Five months after the Maryland Transit Administration rerouted its entire Baltimore-area bus network, buses now arrive on time about 80 percent of the time, but ridership remains flat, according to MTA Administrator Kevin Quinn.
“That may not sound like a lot, but any transit system nationwide would be thrilled with a 9 percent increase in reliability,” he said. “All around, pieces are coming into place.”
The agency has been tweaking the system based on rider feedback since the June launch, Quinn said, and it incorporated ridership trends into its proposed 2018 Winter Service Adjustments set to take place in February.
The MTA is hosting public meetings this week to get rider feedback on those changes, which include the proposed addition of a new LocalLink 63 route to TradePoint Atlantic; the removal of three commuter routes, ExpressLink 102, 106 and 107; the proposed realignment of nine other routes; and other service changes.
While ridership has remained flat since BaltimoreLink’s launch, Quinn said evaluating its success after five months is premature. The MTA lost some riders and gained others during the transition, and the two weeks of free service, he said. The addition of 27,000 students when school started in September also makes the ridership impact difficult to assess, Quinn said.
“There’s still a lot of ups and down here and there,” he said. “I think the dust has yet to settle on the ridership question. Time will tell to see how it increases.”
Other changes Quinn called a success. The system’s first two bus-only lanes, on Lombard and Pratt streets, lowered bus wait times by a quarter, he said. The MTA saw time savings of 22 percent on Loch Raven Boulevard and York Road-Greenmount Avenue, the first two corridors to receive traffic-light sensors for buses, he said.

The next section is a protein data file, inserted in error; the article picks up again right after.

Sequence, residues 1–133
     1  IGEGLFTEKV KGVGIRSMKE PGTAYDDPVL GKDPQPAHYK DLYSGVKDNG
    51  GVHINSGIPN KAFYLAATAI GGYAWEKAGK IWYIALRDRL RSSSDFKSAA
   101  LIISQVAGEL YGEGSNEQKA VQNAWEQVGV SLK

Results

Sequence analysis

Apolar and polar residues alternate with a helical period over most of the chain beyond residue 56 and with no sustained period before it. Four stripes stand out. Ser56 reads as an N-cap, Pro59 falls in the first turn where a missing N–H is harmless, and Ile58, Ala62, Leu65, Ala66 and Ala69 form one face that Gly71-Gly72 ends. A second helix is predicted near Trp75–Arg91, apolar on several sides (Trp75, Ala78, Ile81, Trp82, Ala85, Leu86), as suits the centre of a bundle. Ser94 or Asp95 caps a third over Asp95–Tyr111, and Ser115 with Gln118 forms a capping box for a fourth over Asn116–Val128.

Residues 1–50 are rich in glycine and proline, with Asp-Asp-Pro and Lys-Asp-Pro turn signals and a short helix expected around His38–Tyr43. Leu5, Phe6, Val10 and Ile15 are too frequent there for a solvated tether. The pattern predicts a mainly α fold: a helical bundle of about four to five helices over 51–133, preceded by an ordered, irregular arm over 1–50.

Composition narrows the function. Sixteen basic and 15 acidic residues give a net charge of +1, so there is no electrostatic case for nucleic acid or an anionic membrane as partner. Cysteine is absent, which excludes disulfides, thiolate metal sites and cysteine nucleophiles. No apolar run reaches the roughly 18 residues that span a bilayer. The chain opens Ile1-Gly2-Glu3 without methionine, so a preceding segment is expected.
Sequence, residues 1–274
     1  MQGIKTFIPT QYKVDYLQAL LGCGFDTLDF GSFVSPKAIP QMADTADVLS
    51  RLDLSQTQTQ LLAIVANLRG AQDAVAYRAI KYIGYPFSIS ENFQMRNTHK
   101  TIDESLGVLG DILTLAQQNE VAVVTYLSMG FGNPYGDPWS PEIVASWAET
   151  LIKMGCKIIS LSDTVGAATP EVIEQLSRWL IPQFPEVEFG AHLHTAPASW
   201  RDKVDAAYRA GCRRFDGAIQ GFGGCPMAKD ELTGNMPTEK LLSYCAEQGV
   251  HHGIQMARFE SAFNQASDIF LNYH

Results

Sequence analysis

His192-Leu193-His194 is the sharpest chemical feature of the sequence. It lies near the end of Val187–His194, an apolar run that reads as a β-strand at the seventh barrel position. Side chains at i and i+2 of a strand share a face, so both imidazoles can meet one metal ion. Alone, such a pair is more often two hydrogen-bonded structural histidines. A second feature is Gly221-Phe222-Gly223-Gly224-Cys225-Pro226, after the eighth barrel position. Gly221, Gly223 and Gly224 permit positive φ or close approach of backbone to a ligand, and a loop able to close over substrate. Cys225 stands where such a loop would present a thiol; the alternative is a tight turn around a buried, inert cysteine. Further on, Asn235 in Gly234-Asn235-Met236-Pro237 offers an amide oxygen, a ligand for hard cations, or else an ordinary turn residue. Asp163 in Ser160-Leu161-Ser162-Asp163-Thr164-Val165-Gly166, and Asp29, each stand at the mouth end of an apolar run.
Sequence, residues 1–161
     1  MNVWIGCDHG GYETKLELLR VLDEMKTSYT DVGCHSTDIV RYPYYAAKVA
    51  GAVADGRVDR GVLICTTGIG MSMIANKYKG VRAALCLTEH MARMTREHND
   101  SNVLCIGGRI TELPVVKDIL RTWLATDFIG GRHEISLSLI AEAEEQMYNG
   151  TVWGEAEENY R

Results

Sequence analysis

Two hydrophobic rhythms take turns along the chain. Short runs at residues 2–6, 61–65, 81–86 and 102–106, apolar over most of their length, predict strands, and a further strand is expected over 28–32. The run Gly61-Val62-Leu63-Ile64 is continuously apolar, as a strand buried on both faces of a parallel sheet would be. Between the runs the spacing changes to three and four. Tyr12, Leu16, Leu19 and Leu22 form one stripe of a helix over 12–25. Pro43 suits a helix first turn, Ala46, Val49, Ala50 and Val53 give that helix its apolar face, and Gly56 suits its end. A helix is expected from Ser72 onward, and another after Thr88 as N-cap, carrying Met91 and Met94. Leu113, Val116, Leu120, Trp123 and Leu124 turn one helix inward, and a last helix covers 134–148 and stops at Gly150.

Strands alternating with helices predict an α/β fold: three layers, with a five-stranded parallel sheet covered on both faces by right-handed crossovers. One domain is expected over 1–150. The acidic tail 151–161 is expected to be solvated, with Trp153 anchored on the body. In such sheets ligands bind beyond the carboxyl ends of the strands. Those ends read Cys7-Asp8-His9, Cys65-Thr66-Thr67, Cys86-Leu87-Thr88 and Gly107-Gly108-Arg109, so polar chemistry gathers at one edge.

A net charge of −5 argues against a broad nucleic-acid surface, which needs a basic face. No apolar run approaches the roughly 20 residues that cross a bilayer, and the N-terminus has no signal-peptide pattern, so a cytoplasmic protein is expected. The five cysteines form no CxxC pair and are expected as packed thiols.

Brian O'Malley, president of the Central Maryland Transportation Alliance, a rider advocacy group, agreed that it’s too early to judge BaltimoreLink’s ridership.
Many people decide where to live or work based on the available transportation options, and those decisions take more than a few months to play out on a large scale, he said.
“I’d be very interested to see where ridership is in June 2018,” O’Malley said. “I even was prepared for it to dip down a bit as riders adjusted to the changes.”
The alliance plans to release a Central Maryland Transportation Report Card grading the Baltimore region against similarly sized regions like Charlotte, Cleveland, Pittsburgh, Denver and Seattle on a dozen indicators including accessibility to jobs by public transportation, hours of delay in traffic, air pollution, walkability, reliable public transportation and commute time, O’Malley said.
He declined to share Baltimore’s grades ahead of the report card’s publication on Friday at a news conference planned at Impact Hub Baltimore in Station North.
Of the MTA’s proposed winter changes, O’Malley said cutting the three routes make sense because ridership is low.
His biggest question remains the same regarding any service change: “At the end of the day, do we come out even or ahead or are we losing service?”
Riders interested in voicing their opinion about the changes can attend one of the following public meetings:
- Tuesday, Nov. 14, 6 p.m.-8 p.m., Rita Church Community Center, 2101 Saint Lo Drive, Baltimore. (Transit to this location via CityLink Gold and LocalLink 21, 22, and 54.)